A cost can be more than just monetary. It can include destruction of property and land, loss of jobs, loss of a way of life, missed opportunities for accomplishing life goals, etc.
When illegal aliens crossing the desert into the United States get lost, they occasionally start fires in the hope of being found. This can have devastating effects in the southwestern border states that have been experiencing drought conditions for years. Fires started by illegal aliens have cost millions of dollars to fight and extinguish.
We’ve all heard stories of illegal aliens displacing citizens in the workplace, and this includes teenagers. The aliens will do the work cheaper than the teenagers. This may not sound important, but it has long-term effects on the teenagers and society as a whole.
Summer jobs were typically how teenagers learned business basics, such as how to earn money and accepting responsibility. These skills would help them throughout their lives. Today, when people enter the workforce, they no longer have these skills.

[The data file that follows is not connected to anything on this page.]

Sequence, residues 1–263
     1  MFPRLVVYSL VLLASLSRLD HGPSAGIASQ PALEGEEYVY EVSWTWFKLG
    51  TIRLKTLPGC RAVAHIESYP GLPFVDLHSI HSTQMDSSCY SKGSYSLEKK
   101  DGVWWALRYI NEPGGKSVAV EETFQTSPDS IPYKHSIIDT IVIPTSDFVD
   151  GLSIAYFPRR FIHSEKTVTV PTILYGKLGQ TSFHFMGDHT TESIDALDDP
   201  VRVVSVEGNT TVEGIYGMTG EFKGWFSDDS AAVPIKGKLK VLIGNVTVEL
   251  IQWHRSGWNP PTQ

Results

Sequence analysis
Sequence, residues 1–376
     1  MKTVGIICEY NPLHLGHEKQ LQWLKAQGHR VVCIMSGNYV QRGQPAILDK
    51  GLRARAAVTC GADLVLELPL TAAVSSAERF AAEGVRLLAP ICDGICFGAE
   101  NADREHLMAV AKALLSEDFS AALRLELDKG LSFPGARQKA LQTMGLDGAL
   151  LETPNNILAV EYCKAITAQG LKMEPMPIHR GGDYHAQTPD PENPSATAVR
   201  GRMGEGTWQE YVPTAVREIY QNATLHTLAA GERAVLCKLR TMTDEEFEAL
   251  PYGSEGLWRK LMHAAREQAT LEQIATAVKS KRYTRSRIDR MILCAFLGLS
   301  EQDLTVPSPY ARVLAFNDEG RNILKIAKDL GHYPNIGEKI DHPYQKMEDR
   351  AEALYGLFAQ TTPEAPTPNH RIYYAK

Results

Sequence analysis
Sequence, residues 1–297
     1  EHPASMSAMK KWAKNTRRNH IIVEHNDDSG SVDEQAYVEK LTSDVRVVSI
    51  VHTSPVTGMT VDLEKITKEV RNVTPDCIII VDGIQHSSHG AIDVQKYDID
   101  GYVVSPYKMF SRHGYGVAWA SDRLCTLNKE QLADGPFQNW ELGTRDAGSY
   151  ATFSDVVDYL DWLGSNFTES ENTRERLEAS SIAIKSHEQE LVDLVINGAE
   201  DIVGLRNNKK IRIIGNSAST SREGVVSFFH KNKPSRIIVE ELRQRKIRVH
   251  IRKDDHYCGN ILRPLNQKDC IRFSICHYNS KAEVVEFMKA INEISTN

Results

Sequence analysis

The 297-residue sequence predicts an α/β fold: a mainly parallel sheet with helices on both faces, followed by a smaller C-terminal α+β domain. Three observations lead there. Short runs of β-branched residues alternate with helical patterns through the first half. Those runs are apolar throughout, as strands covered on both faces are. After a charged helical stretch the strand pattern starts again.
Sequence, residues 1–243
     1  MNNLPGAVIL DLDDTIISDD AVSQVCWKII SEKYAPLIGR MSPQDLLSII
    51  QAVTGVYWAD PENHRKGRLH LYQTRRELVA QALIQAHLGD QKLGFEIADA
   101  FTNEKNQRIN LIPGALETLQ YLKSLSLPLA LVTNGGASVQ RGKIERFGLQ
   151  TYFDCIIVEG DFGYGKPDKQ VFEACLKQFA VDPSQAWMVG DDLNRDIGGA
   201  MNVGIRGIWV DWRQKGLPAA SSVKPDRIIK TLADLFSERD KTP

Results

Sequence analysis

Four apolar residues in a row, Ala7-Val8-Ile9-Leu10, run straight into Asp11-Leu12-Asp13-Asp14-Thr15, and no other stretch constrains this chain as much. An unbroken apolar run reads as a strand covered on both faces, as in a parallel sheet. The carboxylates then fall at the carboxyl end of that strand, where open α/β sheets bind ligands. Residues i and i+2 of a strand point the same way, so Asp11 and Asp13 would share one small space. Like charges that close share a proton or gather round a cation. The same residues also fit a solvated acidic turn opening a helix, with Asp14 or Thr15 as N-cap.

The jobs for teenagers began disappearing in the 1990s, as numerous amnesties for illegal aliens resulted in the aliens taking the teenagers jobs for less pay than the teenagers were getting.
According to a Federal Reserve report, there has been a 36% drop in jobs for teenagers aged 16 to 19 since 2000. College-aged workers, 20 to 24 years old, also experienced an 8% decrease in job availability during the same period. The report also stated that teenagers have been impacted significantly more than adults.